WE also started watching a show called Resident Alien last night, which was actually kind of clever. I think it airs on Syfy; we’re watching it on Hulu, of course–we only watch the Super Bowl when the Saints are in it, so I think we’ve watched perhaps two Super Bowls this century–and the other one I watched was when I was out of town visiting friends and we went to a Super Bowl party, and I don’t even remember who played that year–and so I suppose this morning congratulations are in order for Tom Brady and the Buccaneers, good for you. Anyway, I digress. I think Resident Alien may have been a film? The title certainly seems familiar, but the premise of the show–which really boils down to ‘fish out of water’–features an alien creature who had a mission to earth, only to have his ship hit by lightning and crash in Colorado. The creature then kills a human and takes over his life while trying to find his ship–now buried in snow–and trying to avoid human contact. Of course he gets unwillingly dragged into human contact, and there’s a big surprise twist at the end of the first episode. Some of the humor is predictable–an alien with no idea of what humans are actually like learning to adapt and become more human-like in order to pull off the deception; this was first done really well with Starman in the 1980’s, starring Jeff Bridges–but it’s still funny. And the little remote town in Colorado is an interesting setting. We liked that first episode and intend to watch more; it’s quite engaging, and while it’s eminently predictable–he’s going to start liking humans and getting personally vested in them–it’s still very well done.

And on that note, tis time to get ready for work. Talk to you tomorrow!

Paparazzi

Memories lie.

There are things and moments from my childhood I remember completely differently from my parents and my sister, for example, or moments from early on in Paul’s and my relationship. My memories differ from those of kids I went to high school with, and those of my fraternity brothers. Memory and experience are always, of course, colored by our own internal beliefs, values, fears, and opinions; which is what makes being a crime writer interesting.

I remembered, for example, that we moved from the city out to the suburbs in the winter of 1969. I’ve always thought that was the truth; we moved to our house in Bolingbrook that winter and would have sworn on a stack of Bibles that was the truth. Imagine my surprise, during my recent visit to my parents, to hear both of them insist that wasn’t true and we moved out there in either the winter of 1971 or 1972; and I sat there, confused, and then a key piece of my history snapped into place in the jigsaw puzzle that is my memory: you were ten when you moved; your eleventh birthday was your first birthday in the new house so it had to be 1971. I’d always remembered that we’d lived out there for much longer than we had. We only lived in Bolingbrook for four and a half years; I was in the sixth grade when we moved and we moved to Kansas after my sophomore year ended.

Interesting, isn’t it?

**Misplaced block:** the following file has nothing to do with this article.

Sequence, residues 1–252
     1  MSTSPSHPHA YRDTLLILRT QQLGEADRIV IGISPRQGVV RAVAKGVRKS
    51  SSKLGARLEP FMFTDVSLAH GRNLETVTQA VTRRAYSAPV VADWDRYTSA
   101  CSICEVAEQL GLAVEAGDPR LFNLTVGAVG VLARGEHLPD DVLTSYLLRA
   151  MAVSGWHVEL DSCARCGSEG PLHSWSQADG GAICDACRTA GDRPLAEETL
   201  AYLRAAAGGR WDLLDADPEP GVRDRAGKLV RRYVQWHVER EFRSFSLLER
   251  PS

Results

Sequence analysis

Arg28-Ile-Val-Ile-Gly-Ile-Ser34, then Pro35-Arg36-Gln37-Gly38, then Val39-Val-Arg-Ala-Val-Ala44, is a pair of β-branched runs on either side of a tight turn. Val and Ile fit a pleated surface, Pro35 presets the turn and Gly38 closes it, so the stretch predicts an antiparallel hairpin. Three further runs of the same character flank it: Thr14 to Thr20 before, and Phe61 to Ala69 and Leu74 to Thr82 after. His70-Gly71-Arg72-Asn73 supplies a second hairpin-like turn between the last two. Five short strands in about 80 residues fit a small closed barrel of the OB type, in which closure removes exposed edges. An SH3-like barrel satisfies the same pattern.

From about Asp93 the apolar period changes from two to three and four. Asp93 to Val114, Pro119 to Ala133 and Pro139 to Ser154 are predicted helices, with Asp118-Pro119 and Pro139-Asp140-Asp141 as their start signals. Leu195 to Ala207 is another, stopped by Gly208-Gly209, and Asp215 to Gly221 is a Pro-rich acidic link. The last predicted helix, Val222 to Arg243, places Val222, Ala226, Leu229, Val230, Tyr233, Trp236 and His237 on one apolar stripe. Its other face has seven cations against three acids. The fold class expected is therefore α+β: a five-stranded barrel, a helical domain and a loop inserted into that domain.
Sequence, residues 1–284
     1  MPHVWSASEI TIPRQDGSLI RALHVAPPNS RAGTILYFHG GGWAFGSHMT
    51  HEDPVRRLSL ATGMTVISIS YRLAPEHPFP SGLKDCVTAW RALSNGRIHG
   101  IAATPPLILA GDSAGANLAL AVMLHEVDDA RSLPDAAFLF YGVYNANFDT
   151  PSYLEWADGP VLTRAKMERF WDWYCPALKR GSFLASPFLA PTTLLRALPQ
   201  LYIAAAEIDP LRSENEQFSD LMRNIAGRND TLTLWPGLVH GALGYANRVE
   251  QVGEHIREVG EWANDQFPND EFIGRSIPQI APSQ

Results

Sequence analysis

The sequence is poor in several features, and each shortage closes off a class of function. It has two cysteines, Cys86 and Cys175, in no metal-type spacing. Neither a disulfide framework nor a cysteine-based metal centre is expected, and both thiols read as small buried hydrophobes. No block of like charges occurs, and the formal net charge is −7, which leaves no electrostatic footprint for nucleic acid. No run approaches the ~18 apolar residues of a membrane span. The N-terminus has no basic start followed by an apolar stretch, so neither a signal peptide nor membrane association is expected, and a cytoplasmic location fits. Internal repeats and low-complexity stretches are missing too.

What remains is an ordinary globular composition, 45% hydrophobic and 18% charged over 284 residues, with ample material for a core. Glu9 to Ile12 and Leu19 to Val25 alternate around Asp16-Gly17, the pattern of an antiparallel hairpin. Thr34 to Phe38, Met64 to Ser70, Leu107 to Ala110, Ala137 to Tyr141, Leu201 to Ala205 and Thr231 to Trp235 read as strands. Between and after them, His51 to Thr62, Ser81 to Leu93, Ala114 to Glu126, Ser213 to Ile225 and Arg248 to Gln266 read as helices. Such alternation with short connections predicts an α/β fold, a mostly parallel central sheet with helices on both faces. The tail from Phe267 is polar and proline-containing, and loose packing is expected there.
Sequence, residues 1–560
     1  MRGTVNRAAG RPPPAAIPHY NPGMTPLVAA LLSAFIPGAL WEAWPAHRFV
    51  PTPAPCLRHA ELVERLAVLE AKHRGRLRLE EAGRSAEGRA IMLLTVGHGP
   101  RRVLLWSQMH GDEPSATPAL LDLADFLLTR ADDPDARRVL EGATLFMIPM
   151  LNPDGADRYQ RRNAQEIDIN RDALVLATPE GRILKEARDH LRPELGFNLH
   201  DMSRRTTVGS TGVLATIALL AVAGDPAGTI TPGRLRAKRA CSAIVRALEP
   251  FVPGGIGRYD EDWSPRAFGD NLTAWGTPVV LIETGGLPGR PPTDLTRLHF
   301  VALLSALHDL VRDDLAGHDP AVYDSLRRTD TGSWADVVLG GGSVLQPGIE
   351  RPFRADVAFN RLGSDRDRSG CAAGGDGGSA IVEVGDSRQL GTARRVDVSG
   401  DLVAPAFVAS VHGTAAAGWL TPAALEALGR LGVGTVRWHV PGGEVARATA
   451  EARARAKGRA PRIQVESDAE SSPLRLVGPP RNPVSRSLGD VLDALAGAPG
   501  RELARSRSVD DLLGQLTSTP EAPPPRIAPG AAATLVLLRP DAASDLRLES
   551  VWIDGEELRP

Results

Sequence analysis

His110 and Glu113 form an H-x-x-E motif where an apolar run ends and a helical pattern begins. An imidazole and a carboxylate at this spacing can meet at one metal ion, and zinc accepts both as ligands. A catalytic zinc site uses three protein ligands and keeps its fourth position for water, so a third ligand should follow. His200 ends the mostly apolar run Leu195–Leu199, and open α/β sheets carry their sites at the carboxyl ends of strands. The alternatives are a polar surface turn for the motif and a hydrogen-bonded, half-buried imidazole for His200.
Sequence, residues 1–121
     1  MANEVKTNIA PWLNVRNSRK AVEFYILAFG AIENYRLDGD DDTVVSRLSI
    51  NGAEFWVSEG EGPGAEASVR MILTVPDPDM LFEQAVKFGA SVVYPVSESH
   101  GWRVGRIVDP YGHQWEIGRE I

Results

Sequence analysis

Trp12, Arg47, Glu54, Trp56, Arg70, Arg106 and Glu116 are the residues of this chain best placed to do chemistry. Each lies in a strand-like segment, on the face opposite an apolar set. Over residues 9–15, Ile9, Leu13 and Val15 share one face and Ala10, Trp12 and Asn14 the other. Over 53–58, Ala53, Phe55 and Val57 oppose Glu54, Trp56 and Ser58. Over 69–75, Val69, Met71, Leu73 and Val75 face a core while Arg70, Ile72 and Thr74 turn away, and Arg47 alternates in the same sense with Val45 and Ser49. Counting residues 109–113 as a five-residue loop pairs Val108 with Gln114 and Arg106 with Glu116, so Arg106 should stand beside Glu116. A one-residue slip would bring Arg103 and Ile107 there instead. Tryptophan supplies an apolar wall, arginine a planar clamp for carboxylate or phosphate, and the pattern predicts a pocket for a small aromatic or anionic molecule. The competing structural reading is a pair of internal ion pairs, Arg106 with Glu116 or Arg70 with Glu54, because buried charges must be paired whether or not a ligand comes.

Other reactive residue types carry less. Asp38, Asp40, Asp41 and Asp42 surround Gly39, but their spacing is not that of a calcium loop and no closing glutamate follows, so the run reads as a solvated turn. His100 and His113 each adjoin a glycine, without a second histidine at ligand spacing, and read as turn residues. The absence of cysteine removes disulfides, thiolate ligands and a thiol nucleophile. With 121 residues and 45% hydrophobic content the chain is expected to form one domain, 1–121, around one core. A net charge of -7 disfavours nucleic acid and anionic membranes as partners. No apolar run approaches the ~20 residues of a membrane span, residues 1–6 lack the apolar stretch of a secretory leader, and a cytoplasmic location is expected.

I was rather startled the other day to hear that David Cassidy is in early stage dementia; David Cassidy was a part of my childhood, and it’s hard to remember the years when The Partridge Family aired without hearing their music in the echo chambers of my brain. The Partridge Family Album was, in fact, the first album my sister owned. She had one of those little portable record players that either ran on six enormous batteries or could be plugged into the wall, and she played the album over and over and over again. I didn’t mind because I kind of liked the music myself; and we watched the show religiously every week. My sister, of course, was madly in love with David Cassidy, who did nothing for me. (Even as a nascent gay child, my crush was Kurt Russell.)

Before buying that album my sister primarily bought 45’s; it amazes me that there are any number of people who don’t know what those are, or how you used to stack them on the record player, so the next one would drop when the previous one finished playing and the needle cleared out of the way, or the scratchy sounds from collected dust and/or scratches on the record that you could always hear in the background. David Cassidy replaced Bobby Sherman in my sister and her friends’ affections; Bobby Sherman replaced Davey Jones of the Monkees.

The show itself was pretty dreadful, really. The idea was derived from the Cowsills, an actual family musical group, and it was designed to appeal to young girls and hopefully sell some records; another prefabricated music group along the lines of the Monkees and the Archies. They’d never intended for “Keith” to sing lead vocals on the music, but David Cassidy auditioned and got the part and to their surprise, he could sing and had musical ambitions. (Alas for him, he became a huge teen idol but never got the rock stardom he always dreamed of.) His stepmother in real life, Shirley Jones, was cast as his mother, widowed Shirley who worked in a bank to support her five kids. (Jones was actually an accomplished singer herself, and had an Oscar for playing a prostitute in Elmer Gantry.) Even at the time, I didn’t think the show was funny, but it wasn’t as bad and corny and hokey as The Brady Bunch, which was admittedly a low bar. But I was delighted several years ago to discover that the Partridge Family’s music was on iTunes, and I downloaded some, out of a sense of nostalgia.

And it wasn’t bad. I downloaded more, and still listen to it from time to time. It’s glossy, well produced, and slick pop music, but it’s not terrible. It certainly holds up better than Shaun Cassidy’s hits or New Kids on the Block.

And am I ever glad I didn’t have to go into the office today. I am worn out, frankly, not sure how I am going to survive tonight’s parades.

Heavy sigh